Worst: Bring a lot of books with you from home and then buy a lot more when you are here; Yeah, you should probably just stay at home.

Dispatches from Europe, Day 37: Old Man and the Books

“When someone reaches his thirtieth year, there will be no end to his being called young. But he himself, even though he cannot detect any changes on his person, becomes uncertain; it seems to him as if he were no longer entitled to pass himself off as young.” -Ingeborg Bachmann

And so it was that yesterday, a fresh-faced fellow hostel rat from New Jersey struck up a conversation with me. The usual travel pleasantries were exchanged: Where are you from? How long have you been traveling? Where have you been so far? Where are you going next? At this point in the conversation, both parties have done their duty. You are free to move about the cabin, to go on about your business, which is what I usually do, because of an aversion to small-talk. But he persisted.

“So what do you do back in the States?” (We all call it “the States” while we’re over here.)

“I’m a teacher.”

“A teacher? Really? What do you teach?”

I replied with the stump speech about my Montessori school. I take particular pride in answering that I teach adolescents, when I know my interrogators are asking which subject I teach. After I was finished, I returned the courtesy by asking about what he does, and he confirmed my fear: just finished high school, off to college in San Diego in a month. In 2001, I ran back to my freshman dorm room from my 8 a.m. Calculus class across campus and watched, on my tiny little analog television, the plane crash into the second twin tower. At that time, this kid was 6.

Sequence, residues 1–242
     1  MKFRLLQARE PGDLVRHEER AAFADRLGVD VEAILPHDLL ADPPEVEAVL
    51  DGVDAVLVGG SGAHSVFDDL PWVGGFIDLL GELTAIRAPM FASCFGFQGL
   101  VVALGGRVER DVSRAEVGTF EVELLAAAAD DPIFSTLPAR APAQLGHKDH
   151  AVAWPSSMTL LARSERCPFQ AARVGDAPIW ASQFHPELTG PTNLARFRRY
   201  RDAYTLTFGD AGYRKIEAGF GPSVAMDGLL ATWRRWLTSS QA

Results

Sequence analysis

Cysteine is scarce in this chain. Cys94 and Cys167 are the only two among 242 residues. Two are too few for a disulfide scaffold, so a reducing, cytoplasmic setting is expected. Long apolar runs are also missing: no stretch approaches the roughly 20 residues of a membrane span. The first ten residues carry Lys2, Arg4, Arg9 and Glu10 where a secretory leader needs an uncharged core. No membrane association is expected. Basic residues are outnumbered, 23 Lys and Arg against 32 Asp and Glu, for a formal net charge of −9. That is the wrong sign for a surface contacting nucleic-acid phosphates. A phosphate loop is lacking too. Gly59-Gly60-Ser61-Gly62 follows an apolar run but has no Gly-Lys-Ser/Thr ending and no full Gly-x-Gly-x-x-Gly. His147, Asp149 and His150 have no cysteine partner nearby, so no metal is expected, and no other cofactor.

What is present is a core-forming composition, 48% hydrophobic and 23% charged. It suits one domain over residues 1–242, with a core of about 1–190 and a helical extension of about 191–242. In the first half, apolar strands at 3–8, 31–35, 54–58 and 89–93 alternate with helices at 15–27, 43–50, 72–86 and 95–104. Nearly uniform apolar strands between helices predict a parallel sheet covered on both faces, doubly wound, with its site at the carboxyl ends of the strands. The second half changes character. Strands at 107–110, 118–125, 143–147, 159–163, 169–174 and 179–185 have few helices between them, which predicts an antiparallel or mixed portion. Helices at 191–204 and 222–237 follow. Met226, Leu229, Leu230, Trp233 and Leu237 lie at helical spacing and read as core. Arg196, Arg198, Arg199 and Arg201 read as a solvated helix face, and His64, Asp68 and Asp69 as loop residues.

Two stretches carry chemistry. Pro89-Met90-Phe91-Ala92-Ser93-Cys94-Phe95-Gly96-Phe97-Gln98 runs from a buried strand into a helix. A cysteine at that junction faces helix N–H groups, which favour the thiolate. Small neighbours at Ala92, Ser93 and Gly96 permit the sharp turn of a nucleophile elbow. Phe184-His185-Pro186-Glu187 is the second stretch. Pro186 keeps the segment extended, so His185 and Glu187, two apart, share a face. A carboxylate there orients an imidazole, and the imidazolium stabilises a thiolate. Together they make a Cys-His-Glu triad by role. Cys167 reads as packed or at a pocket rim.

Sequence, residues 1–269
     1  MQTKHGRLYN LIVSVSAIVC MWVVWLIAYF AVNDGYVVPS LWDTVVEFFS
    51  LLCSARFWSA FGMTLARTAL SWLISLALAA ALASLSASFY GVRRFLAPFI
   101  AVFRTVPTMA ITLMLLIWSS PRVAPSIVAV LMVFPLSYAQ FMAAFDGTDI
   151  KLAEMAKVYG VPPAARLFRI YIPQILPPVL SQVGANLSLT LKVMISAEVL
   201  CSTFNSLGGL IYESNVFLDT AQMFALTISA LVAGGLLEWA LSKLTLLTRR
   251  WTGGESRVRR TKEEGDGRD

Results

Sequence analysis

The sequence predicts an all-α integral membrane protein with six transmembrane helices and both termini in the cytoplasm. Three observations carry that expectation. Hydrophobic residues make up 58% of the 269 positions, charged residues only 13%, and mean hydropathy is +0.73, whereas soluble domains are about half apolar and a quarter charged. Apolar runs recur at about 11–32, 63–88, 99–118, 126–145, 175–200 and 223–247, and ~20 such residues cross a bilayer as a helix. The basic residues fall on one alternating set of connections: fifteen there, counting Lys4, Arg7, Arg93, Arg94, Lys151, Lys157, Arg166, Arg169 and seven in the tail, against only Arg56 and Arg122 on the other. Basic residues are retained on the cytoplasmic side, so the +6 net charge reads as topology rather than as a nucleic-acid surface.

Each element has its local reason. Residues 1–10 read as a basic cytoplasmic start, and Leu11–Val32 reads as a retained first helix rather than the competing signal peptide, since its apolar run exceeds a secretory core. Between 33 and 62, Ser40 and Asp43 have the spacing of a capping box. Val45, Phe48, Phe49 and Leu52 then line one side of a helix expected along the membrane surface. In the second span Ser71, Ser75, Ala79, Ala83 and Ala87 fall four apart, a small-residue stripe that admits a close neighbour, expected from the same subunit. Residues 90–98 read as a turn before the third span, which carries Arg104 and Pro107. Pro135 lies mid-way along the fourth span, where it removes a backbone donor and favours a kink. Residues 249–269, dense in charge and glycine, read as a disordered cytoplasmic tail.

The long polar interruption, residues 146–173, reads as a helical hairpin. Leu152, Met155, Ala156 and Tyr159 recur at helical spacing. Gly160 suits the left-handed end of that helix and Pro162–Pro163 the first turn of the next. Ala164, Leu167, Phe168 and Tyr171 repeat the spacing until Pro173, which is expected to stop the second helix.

“Wait,” he said. “How old are you?”

“I just turned 30.”

“Wow,” he said, unable to conceal his surprise at this geriatric number. “You could pass for a college kid.”

“Yeah,” I said, “that’s what my students tell me, and I think they mean it as a compliment.”


I had to come all the way to Prague to find it: the ultimate bookstore/cafe. It’s called Globe, and it’s a tiny little bookshop with maybe a couple thousand books in one room. The room has a small loft that takes up part of two walls, and you have to climb a set of narrow stairs – more like a ladder – to get up to its sections of used fiction and non-fiction. That’s where I found a used John McPhee book for 80 CZK (about $4). Below, on a display table near the cash register, I also found a copy of George Orwell’s essays titled Why I Write. Past the register and down a short hallway is a room with a 20-table cafe/bar, also with a loft above. Great little place.

I spent far too long yesterday in the Globe, at which point I wandered over to Shakespeare A Synove (Shakespeare and Sons) Bookstore near the Charles Bridge. Here, I spent even longer. Used bookstores will one day be the end of me. If they don’t kill me, I will surely have a permanent right tilt to my neck from craning over to read titles for so many hours of my life. Good news: I found two other fantastic books for extremely cheap, plus 5 back issues of the New Yorker! Bad news: I’m not sure that the books will fit into the carry-on size backpack I’m carrying, which means I might have to pay a bunch of money to check my bag on my flight to Prague to Paris. The books might not be so cheap after all.

After I bought all of this new reading material, I walked around in the hot Prague sun for a while, shouldering through the slow-walking packs of tourists, only halfway taking in what I was seeing. I was still reeling from having read Katherine Boo’s Beyond the Beautiful Forevers (consider this a reading recommendation), and I was eager to read all my new stuff, which included a few New Yorker articles of hers. So, that’s basically what I did for the next oh, 12 hours or so, drifting from cafe to cafe, drinking espresso and reading. Around 11 p.m. I made my way into the Cafe Slavia, which is only two blocks from my house, and which has huge windows looking out over both the river and an intersection frequented by cable cars and pedestrians. Across the street is the National Theater, a stately white building that is ornately decorated at the top with black and gold statues. At night, floodlights illuminate the building from the bottom, exposing also the bellies and underwings of hundreds of bats circling above.